St Lesitz: A Coffee-table Z-scale Layout
(Think St Moritz, but there is less of it)

To the left you see a photograph of the den with both the Japanese Tram Table and the new train table amongst the lounge furniture. The new table is 1150mm by 365mm.

Set in the late 1920s, a Z-scale electric "crocodile" locomotive pulls supplies, passengers and luggage through a forest region, a cutting in the high rolling plains of Switzerland, past villages at the tree line, and finally through a long tunnel to cross a bridge to the station serving the isolated paradise of St Lesitz.

All of these vistas are separately viewed through windows formed by holes in the wood below the top glass of the table. The layout has sufficient solar panels to harvest all the electric power it needs from indoor light. Train running schedules are automatically adjusted to allow for charge stored in the single 18650 Lithium cell that powers the layout. The track has catenary wires, and the locomotive's pantographs make a realistic sound as it runs.

This video shows the layout being run:

Here is a view from directly above. Note the eight solar panels, and two meters. The panels can deliver over 400mA in full sunlight, but more typically on a cloudy day you get between 3 and 10mA. The circular meter to the left monitors current from the solar panels. It has a logarithmic scale so that currents from 1mA to 1A can be read off. The battery voltage/state of charge meter is the large meter to the right. It is similar to the one described for the Tram Table, but the meter has a 100mm face and draws much less current, typically about 250uA including processor and movement.

The various terrain windows are clearly visible. In particular, the bridge leading across to the platform is mounted across a transparent window in the base plate of the table, so you can look up at the passing train from below, or see the floor rug below as the train passes.

Here is a view with the glass top removed and the hinged lid opened up. The layout provides much better access than the Japanese table, since the "windows" are too small to allow reasonable access to clean and maintain.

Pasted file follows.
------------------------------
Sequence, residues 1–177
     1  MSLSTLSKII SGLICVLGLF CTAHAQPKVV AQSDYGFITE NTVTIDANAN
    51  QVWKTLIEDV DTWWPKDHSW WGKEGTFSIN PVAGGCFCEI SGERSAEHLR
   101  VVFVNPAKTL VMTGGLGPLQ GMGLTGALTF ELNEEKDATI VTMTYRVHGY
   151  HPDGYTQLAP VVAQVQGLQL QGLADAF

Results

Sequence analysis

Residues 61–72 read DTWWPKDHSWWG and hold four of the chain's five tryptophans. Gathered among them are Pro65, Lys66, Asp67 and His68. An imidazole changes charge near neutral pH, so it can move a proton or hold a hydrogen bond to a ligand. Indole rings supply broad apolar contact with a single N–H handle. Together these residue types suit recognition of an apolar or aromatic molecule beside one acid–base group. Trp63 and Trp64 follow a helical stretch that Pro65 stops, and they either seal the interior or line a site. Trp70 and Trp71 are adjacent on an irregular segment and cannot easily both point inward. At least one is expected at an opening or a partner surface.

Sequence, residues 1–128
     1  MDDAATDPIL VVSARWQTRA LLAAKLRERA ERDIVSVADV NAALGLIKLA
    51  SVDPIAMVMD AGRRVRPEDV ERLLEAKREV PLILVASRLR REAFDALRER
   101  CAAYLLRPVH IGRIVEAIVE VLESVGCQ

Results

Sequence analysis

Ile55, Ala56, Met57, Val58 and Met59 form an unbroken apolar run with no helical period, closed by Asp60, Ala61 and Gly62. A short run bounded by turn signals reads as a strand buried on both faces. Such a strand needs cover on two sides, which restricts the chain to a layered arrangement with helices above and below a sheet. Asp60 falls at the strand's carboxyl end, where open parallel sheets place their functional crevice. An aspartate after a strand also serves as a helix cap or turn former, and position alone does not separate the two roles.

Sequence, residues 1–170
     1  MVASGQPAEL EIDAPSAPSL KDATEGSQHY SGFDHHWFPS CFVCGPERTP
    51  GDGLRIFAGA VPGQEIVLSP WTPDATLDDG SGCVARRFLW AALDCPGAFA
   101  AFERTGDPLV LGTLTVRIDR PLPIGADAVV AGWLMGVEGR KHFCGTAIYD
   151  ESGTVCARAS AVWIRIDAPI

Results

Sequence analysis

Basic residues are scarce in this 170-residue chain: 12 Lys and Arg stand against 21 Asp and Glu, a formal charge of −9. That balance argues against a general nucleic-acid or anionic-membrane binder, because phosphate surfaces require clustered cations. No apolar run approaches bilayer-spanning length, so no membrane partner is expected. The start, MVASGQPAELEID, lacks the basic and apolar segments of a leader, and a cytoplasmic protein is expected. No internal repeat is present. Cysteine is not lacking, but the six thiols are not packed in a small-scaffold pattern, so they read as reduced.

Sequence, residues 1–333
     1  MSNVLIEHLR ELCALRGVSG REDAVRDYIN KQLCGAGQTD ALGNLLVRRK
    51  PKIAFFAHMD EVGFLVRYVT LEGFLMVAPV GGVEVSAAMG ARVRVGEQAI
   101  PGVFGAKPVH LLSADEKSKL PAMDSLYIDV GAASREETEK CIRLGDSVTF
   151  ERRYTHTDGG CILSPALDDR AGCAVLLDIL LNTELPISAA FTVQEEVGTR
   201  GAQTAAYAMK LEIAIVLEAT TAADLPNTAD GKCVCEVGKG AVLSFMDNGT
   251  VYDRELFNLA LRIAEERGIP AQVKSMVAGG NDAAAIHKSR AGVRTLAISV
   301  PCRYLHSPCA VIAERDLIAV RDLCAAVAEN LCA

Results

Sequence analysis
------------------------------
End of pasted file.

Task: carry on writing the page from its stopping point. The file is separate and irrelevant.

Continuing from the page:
Attached to the lid is the whole power system. This includes the panels, current meter, voltmeter, and the battery with its safety control PCB that prevents overcharge, discharge, excessive currents, etc. There is a switch to disable the voltmeter's current indicator. With the function disabled, emergency charging through a USB under the table is much faster, but this has not yet been tested in anger, as the system stays charged to about 70% by virtue of the controller's automatic scheduler and the large area of solar panels that operate down to well below 0.01 sols.

The controller is in the lower half with the train track. It has a power interrupt switch for use when "hibernating" the layout, for example for shipping.

The controller indicates what it is doing using the rail signal. The signal is shown here with all lamps lit, as during a reboot.
When at the idle state, a single green lamp shows. An LDR looks at the light levels filering down past the solar current meter. Changes in that light level will trigger a run of the train.
When triggered, the white lights show as the guard's signal, then the train starts and the signal turns softly to red.
After a short interval the signal goes to yellow, and the controller awaits a train entering the station. When the train arrives it slows down, and then stops. After a delay, the signal returns to green.
If a trigger occurs before the return to green, the train goes into a retriggerable lockout state, once it reaches the station. This is designed to prevent something like a flickering light or waving tree branches and sunlight from continuously retriggering the layout. Also blocks enthusiastic children. Lockout is indicated with a green, plus the second, right-hand, red signal on at the same time.
Further trigger attempts extend the lockout, but also trigger information flashes of the white signals giving the number of battery cycles that have occurred (at the rate of 5 flashes per second, one per cycle) or the total number of runs the train has completed (coded in one flash whose duration is 10ms/run).

There is also a blue LED that is mounted with the LDR underneath the current meter. This flashes to indicate interruptions in connection to the locomotive. This gives indication (in low light) of the need to clean the track and loco wheels.

This is a view of the "alpine sierra" window. Note the prototypically-correct catenary wire that does not curve. The Marklin kits provide rigid sections that can be bent in a curve like the track, but of course this is not what real wires do. It is easier to bend, but more correct to kink only where there is a pylon. The locomotive pantographs thus have a contact that slides left and right. This distributes the wear, just as in the full-scale version.

This is the Forest window. Note the rainbow colours painted on the concrete tunnel portal resembling the tunnel north of the Golden Gate. It is the sign that the train is coming home.

This is the Forest window again, including the current meter.

This is the table top from above, before assembly started. The wood is incredibly hard. It is a red-tinted wood, composed of small pieces routed and joined together. Intended for kitchen benchwork, it is very tough material, but easy to work precisely given the power tools. The wood is protected with Danish Oil.

The circuit diagram is similar to that used in the Japanese Tram Table and Cal-Kit Box layouts.

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